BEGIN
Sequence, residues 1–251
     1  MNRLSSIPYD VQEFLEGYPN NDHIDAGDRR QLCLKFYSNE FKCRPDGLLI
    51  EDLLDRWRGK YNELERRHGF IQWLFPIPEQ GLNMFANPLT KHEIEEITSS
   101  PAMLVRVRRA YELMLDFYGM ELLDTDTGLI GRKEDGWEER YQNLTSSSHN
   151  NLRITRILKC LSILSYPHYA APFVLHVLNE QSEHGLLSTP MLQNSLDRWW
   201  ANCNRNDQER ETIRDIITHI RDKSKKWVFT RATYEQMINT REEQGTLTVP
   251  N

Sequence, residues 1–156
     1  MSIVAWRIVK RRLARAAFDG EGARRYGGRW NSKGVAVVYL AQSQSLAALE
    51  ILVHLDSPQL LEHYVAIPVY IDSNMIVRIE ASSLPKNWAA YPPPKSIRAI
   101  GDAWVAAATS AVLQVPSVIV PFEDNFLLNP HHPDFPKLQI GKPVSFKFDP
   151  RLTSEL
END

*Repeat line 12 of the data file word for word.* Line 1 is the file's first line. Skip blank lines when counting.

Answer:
   151  RLTSEL